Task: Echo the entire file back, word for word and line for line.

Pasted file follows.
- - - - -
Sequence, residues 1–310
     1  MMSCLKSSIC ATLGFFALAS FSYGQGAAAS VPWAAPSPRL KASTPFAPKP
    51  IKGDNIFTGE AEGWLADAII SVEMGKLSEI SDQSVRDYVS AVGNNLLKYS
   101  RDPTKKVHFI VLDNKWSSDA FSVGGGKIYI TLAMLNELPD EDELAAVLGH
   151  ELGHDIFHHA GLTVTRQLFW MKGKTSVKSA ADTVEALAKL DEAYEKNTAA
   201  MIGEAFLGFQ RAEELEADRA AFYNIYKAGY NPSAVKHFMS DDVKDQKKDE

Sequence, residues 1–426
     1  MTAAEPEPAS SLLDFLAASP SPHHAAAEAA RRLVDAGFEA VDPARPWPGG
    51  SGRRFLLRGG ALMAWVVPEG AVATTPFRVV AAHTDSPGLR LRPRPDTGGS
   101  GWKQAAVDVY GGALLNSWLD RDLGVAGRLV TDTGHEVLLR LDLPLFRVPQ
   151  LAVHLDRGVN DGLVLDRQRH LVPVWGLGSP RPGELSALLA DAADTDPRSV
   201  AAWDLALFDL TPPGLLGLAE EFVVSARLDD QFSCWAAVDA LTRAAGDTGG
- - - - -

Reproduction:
Sequence, residues 1–310
     1  MMSCLKSSIC ATLGFFALAS FSYGQGAAAS VPWAAPSPRL KASTPFAPKP
    51  IKGDNIFTGE AEGWLADAII SVEMGKLSEI SDQSVRDYVS AVGNNLLKYS
   101  RDPTKKVHFI VLDNKWSSDA FSVGGGKIYI TLAMLNELPD EDELAAVLGH
   151  ELGHDIFHHA GLTVTRQLFW MKGKTSVKSA ADTVEALAKL DEAYEKNTAA
   201  MIGEAFLGFQ RAEELEADRA AFYNIYKAGY NPSAVKHFMS DDVKDQKKDE

Sequence, residues 1–426
     1  MTAAEPEPAS SLLDFLAASP SPHHAAAEAA RRLVDAGFEA VDPARPWPGG
    51  SGRRFLLRGG ALMAWVVPEG AVATTPFRVV AAHTDSPGLR LRPRPDTGGS
   101  GWKQAAVDVY GGALLNSWLD RDLGVAGRLV TDTGHEVLLR LDLPLFRVPQ
   151  LAVHLDRGVN DGLVLDRQRH LVPVWGLGSP RPGELSALLA DAADTDPRSV
   201  AAWDLALFDL TPPGLLGLAE EFVVSARLDD QFSCWAAVDA LTRAAGDTGG